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“A leader is a dealer in hope”
~ Napoleon Bonaparte
 
From The Wrestlers to the Raccoons out there in this marketplace, President Obama has his hands full. There is no doubt that this man inspires hope – and he did his best in changing his tone to a more hopeful one in last night’s address – but hope, as we say here at Research Edge, is not an investment process.
 
Napoleon proved that inspiring men to fight for you is the best way to win. He also proved that when hope morphs into doubt, your fate falls by that very same sword. Make no mistake folks, the breaking down through the November 20th support levels that we saw on Monday matters. The Crisis of Credibility that this country faces will not be resolved by a bear market rally, or a good speech.
 
Yesterday, I had twice as good a day as I had a bad one on Monday. That’s how it goes when you sign up to dance with a bear that you’ve beaten before. Once you are locked into that cage match, and the entire market calls you dead – the only thing you can do is trust your process, bury your head into that bear’s chest, and know in your gut that that’s the one moment that you’ve proactively prepared for.
 
The SP500 closed up a strong +4% yesterday at 773, pairing its YTD losses for 2009 back to -14.4%. Volatility (measured by the VIX index) took an elbow smash to the forehead at down -14% on the day, while volume on the NYSE ripped the hair off the short seller’s head, moving +10% versus Monday. The squeezing of temples in the Financials (XLF) was pronounced – the XLF ETF closed up +12% on the day. Citigroup (C), which we said (on our Monday morning client call) could put on a +35% move from Friday’s close, tagged the bears in the butt for a +22% gain, taking its cumulative move from last week’s “nationalization” low to +33%. I don’t want to touch Citigroup here.
 
The market’s breadth expanded alongside accelerating volume into the close. The Advance/Decline line on the NYSE was 81% for advancers versus 17% decliners by the time the bell rang. One, Two, Three… the daily dance with the bear was won.
 
Now what Mr. Wrestler? Well, as one of the finest of Wall Street memes goes – “that’s a great question.” And I’ve already locked my answer on the tape – selling into the close was the prudent move to make. When you look at the last 150 years of trading in this country, not selling anything on +3-6% up days during bear markets would render me part of the thundering herd. I don’t do herds.
 
Make no mistake, fully loaded with whatever hope our new President wants to issue, the intermediate “Trend” in this market remains bearish. Unless we can close above 824 in the SP500, that will not change. Can you position yourself in the cage match to make bullish immediate term “Trade” moves? You tell me … some people say they “don’t do trading”… others said they didn’t “do macro” either. I do both.
 
Until the next bull market returns, this is a market that needs to either be traded or avoided. If you “have to be invested”, I suggest you trade your exposures even more aggressively. Otherwise, you may as well dress up like a WWF Wrestler and keep pretending that “investing for the long run” works right here and now.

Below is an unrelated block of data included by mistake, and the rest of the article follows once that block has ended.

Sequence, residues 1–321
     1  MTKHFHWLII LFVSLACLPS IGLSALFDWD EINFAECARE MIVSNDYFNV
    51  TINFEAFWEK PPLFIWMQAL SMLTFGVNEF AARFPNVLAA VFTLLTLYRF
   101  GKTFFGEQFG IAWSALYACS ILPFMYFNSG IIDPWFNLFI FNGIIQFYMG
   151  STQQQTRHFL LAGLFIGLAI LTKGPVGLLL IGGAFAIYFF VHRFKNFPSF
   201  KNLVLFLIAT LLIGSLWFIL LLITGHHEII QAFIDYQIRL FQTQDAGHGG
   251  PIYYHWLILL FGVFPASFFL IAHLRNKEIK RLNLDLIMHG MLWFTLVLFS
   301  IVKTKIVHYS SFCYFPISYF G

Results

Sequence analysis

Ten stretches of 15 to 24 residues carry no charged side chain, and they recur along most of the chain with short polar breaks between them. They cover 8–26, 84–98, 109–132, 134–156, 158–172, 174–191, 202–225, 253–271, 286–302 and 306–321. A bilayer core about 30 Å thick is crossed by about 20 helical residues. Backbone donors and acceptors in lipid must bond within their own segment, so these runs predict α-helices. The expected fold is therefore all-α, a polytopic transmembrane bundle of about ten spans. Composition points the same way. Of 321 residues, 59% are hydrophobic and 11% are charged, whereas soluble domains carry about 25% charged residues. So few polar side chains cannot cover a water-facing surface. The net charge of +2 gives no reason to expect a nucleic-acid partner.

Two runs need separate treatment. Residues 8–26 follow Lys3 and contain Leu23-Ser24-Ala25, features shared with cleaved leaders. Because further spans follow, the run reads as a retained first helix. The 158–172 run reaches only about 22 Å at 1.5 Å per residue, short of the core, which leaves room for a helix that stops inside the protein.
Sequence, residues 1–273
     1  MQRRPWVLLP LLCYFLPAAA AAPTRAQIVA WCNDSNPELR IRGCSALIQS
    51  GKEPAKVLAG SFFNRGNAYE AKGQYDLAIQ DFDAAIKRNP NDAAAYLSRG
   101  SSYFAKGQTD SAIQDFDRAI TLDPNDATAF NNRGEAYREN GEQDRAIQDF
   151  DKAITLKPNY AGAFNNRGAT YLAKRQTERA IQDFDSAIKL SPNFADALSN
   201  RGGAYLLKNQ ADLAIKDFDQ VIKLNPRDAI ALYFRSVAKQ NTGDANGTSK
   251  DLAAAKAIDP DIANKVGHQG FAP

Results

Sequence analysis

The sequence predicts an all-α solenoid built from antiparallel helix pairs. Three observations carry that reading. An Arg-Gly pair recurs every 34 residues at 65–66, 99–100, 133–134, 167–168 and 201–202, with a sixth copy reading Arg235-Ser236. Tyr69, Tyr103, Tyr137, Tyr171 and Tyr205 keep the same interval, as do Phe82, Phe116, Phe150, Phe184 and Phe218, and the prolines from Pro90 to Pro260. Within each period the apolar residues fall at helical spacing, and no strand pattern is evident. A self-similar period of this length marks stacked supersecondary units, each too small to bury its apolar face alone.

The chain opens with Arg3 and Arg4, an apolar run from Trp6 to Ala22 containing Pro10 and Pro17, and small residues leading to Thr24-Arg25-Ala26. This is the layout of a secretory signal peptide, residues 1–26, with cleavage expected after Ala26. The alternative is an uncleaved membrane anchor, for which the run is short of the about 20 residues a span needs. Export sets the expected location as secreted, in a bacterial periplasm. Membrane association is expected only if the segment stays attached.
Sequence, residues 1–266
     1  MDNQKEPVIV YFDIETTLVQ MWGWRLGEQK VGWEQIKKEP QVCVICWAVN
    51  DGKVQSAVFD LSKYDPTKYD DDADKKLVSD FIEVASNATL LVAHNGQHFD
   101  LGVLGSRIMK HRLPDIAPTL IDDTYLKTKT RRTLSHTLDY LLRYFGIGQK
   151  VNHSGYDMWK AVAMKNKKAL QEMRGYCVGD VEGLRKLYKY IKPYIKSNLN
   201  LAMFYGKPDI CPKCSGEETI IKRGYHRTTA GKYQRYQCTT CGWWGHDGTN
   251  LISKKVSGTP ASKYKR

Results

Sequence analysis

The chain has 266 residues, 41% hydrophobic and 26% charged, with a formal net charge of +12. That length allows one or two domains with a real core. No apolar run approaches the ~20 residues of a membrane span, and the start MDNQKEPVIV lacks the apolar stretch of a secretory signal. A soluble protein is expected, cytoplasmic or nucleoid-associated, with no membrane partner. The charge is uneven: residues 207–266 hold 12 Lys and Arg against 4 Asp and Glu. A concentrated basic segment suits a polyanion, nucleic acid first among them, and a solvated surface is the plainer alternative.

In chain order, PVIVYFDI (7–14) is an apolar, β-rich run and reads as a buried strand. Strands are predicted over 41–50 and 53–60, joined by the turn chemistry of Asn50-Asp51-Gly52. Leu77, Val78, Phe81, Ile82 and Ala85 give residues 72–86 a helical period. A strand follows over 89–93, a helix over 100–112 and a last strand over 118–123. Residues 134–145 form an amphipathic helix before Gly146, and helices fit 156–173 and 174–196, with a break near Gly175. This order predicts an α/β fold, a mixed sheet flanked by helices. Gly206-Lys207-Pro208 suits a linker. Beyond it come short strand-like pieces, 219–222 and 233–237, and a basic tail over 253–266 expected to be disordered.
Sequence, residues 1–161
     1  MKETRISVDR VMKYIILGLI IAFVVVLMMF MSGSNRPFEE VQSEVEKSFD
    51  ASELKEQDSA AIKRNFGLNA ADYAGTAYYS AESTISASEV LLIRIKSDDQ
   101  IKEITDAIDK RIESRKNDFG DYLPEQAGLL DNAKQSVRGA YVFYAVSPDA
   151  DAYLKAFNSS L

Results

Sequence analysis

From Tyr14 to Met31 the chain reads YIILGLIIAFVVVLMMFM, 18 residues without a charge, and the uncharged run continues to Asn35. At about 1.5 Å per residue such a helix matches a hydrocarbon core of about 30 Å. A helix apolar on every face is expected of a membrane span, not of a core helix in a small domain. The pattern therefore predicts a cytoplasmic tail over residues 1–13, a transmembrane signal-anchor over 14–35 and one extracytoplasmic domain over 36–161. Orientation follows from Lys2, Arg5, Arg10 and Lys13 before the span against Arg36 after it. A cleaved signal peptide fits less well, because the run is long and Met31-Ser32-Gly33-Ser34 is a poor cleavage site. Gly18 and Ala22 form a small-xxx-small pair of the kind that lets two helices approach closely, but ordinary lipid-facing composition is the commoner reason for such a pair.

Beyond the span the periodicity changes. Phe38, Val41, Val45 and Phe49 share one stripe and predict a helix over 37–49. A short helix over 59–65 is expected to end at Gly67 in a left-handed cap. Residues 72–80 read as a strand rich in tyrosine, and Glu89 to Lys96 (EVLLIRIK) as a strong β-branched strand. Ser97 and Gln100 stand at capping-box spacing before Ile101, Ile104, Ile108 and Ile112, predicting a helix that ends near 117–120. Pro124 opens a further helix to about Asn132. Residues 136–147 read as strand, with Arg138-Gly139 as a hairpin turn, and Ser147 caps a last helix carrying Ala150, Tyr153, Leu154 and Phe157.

In our Asset Allocation Portfolio, by the time yesterday’s bell rang, I’d sold down the exposure that I grossed up in US Equities from 29% to 18%. I held onto that long position I bought in the QQQQ (Nasdaq) at 3:27PM EST on Monday, and while I don’t know if that print looks lucky or brave, it really worries me.
 
Whether you are pretending to be a wrestler or risk manager, I think you should always be worried. You can and will be wrong – so the best process is to perpetually question the validity of why you think you can be right. I never used to worry. Between the years 2000 and 2004, I’d built up such a consistently solid performance run that I got cocksure of myself, like a lot of men and women of the hedge fund gridiron do… then I got body slammed for a quarter and, trust me, it had an impact.
 
I’ve trained myself to worry about being wrong, because that’s what you should do when serving as a fiduciary for other people’s money. They worry about their hard earned money every day, and given the level of socialization rhetoric brewing in this country right now, so should you.
 
President Obama,
 
Thank you for your message last night. But today is another day in the ring for we who are wrestling the bear. No matter where you think this market is going this morning, there it is. My advice for you, Mr. President, is the same as it has been – break the buck. Until you figure this out, you will not stop deflation. Irving Fisher was of this view, and John Maynard Keynes was not. Last night you said, “I, get it…”… but do you really? Fisher vs. Keynes – it’s going to be a cage match, and all I can do right now is hope that you “get” that message.
 
I remain short gold and short Asia. In the USA, my new downside support level in the SP500 is 732, and immediate term upside target is 793. At down -5% vs. +3%, the risk in this market once again stands taller than the reward. Trade and tread carefully…
 
Best of luck out there today,
KM

 

Dealing With Hope - etfs022509